DE: My studio’s in Bed-Stuy on Spencer Street between Park and Flushing right next to the Marcy Projects. It’s a space that, as the direction of my work moves and changes over the months and years I’ve been working there, transforms to be kind of a shop with power tools and work tables. Sometimes I work on sculptural things, and then I pack that up and shift gears and go into a more painterly mode. And it’s also where I record and experiment with sound and music. I wish I could say there’s a clean break between projects, but a lot of times those disciplines overlap and it’s a bit chaotic, a bit of a mad laboratory.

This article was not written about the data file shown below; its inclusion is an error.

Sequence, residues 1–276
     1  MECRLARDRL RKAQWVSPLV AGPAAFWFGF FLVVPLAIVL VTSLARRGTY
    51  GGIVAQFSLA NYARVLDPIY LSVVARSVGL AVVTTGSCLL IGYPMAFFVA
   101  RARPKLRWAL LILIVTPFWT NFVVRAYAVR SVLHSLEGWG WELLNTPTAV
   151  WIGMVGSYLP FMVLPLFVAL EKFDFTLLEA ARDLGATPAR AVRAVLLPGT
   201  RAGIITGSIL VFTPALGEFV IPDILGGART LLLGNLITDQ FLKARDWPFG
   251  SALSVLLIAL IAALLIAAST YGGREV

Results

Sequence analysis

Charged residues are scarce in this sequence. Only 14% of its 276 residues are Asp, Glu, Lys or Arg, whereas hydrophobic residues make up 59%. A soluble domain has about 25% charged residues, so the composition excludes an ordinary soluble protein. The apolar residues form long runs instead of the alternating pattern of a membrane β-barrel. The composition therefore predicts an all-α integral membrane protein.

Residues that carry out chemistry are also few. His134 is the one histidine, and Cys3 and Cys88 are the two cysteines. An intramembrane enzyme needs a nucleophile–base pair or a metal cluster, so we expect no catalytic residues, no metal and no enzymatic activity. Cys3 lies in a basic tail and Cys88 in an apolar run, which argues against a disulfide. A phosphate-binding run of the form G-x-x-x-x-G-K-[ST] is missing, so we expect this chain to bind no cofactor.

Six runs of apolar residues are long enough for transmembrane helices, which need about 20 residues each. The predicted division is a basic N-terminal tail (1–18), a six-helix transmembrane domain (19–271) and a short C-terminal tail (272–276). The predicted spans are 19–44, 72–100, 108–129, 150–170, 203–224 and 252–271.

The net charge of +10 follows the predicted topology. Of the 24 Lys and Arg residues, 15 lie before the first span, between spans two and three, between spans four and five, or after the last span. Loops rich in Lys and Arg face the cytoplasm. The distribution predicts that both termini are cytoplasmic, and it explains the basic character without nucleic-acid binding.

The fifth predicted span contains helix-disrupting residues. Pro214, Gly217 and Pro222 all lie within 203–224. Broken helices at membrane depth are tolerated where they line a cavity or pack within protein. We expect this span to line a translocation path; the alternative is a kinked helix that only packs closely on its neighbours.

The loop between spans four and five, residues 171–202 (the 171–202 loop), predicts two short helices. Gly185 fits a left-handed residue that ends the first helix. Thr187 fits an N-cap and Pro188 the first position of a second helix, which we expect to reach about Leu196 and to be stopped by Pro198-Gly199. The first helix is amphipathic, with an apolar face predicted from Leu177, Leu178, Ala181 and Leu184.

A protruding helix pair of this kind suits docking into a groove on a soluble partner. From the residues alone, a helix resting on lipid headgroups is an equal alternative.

...mbg: Can you talk a little bit about how do those disciplines overlap?
DE: Physically I’ll be working on two or three things at once. The sculpture came out of painting and film came out of painting. The sculptures started ten years ago when I realized that the paintings are basically drums in that they’re this membrane stretched over a frame and when you tap them they resonate. So I wanted to take that further and tune them and make different volumes as resonators and put automated drum actuators on the paintings and turn them into a way to make music.
...mbg: Your bio talks about growing up and listening to music near Raleigh. Can you talk more about what the role of music has been in your work?